Scalzi is calling for competence.
CPF is calling for order (scroll down to the "Asshat" entry).
I'd like to call for something else: empathy.
Most of us have means to avoid a natural disaster like a hurricane. But I would like most of us to try on someone else's shoes for a moment. I'm an actor and I do this all the time, so allow me to help.
Imagine that you are poor, perhaps even disabled. All of your wordly possessions are crammed into a 2-story 750 square foot rental home that you share with your diabetic Mother who has had both legs amputated below the knee. You have no car and rely on public transportation to get from home to work to the store. You hear on the television that a hurricane is headed toward your city and is steadily gathering strength. But you've been through storms before and are not too concerned. But then the order to evacuate is issued, and you have no means to get out. You think you can get you and your Mom seats on a Greyhound bus, but you learn that Greyhound closed its doors on Saturday. Today is Sunday. You start to batten down your home as best you can: boarding up your windows and doors, gathering up what food and water that you can get your hands on, and some medicine for your Mom. You hear one of the TV people say that if you are going to ride out the storm you should have an axe so you can cut through your roof if necessary. That stops you cold, and the realization that something very bad is about to happen washes over you like a cold tide. You tell your Mom you'll be right back and not to worry, and you get on your telephone to call 911. All circuits are busy, and when you finally get through to someone they can offer you no help but strongly urge you and your Mom to get out of the city. By this time, the storm has arrived and it is more powerful and terrifying than you ever imagined. The wind. The water. The ferocity. After what seems like forever, the storm begins to abate and you and your Mom and your house have come through reasonably well. There's no TV, no telephone, and as you frantically find your radio you realize that in your rushing around to prepare for the storm you forgot to get fresh batteries. You snap the radio on. Nothing. That cold tide that began washing over you a few hours ago is now colder and darker. And then the water comes. And keeps coming. And keeps coming. Your street now looks like a swollen creek that has overflowed its banks. You move your Mom up to the second floor and start to move the food and water that you have accumulated. The water keeps coming. It's now lapping against your screen door that has somehow survived the horrific winds. It opens and closes in time with the water, banging against your front door that is groaning under the weight of the water. While the front door groans and the screen door bangs you realize that you left your axe downstairs. You arrive at the top of the staircase and look down in horror: your first floor is submerged under almost a foot of water. You charge down the stairs, trying to remember where you put the axe after the TV people told you to get one. There it is! On the kitchen counter. You grab it and slosh back upstairs, the water continuing to rise...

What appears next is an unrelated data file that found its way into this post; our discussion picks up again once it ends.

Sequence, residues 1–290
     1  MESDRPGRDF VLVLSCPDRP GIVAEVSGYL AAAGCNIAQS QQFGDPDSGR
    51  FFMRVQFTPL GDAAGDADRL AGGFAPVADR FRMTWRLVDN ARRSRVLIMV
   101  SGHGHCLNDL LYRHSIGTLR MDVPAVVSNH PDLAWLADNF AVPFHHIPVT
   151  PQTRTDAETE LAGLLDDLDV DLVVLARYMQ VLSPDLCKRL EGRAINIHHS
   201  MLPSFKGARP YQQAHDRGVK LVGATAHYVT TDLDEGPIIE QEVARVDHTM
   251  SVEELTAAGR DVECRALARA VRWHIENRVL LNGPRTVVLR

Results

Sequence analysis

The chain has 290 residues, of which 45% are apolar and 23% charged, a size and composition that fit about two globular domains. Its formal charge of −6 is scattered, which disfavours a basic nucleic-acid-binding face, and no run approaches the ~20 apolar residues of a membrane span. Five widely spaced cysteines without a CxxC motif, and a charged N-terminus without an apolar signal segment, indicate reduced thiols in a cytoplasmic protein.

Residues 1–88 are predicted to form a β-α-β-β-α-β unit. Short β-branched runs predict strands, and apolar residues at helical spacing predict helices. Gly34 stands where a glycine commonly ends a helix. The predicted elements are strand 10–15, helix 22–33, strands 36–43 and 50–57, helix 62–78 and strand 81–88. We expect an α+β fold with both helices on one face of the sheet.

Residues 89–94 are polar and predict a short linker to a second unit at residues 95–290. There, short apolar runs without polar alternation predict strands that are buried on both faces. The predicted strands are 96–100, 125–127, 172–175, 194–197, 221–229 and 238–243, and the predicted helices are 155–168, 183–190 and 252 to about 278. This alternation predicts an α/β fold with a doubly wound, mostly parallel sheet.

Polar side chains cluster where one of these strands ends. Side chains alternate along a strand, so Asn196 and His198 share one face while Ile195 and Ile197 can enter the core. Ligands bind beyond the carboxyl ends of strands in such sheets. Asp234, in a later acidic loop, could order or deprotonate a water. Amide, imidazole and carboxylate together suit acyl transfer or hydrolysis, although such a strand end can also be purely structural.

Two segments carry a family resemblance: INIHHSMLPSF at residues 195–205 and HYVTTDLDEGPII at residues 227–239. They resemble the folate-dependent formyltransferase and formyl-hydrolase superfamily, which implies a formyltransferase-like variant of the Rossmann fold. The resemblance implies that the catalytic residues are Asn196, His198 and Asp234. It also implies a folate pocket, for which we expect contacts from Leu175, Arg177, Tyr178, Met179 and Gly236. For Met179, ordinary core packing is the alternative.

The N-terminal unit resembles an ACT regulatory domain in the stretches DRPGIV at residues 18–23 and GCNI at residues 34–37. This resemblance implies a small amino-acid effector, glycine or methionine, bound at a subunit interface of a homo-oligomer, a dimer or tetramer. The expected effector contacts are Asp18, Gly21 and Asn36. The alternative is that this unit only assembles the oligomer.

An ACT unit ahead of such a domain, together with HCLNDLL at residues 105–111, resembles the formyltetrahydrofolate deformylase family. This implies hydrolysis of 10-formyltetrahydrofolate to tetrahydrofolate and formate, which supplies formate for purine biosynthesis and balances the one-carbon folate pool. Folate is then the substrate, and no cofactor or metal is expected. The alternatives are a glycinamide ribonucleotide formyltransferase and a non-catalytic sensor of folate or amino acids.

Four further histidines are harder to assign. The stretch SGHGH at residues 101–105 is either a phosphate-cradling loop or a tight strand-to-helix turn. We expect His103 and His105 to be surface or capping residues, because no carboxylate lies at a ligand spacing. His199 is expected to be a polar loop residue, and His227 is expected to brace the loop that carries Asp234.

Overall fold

I could go on, but I think you get the idea. Please spare a moment to empathize with the people of the Gulf Coast.
Please donate whatever you can.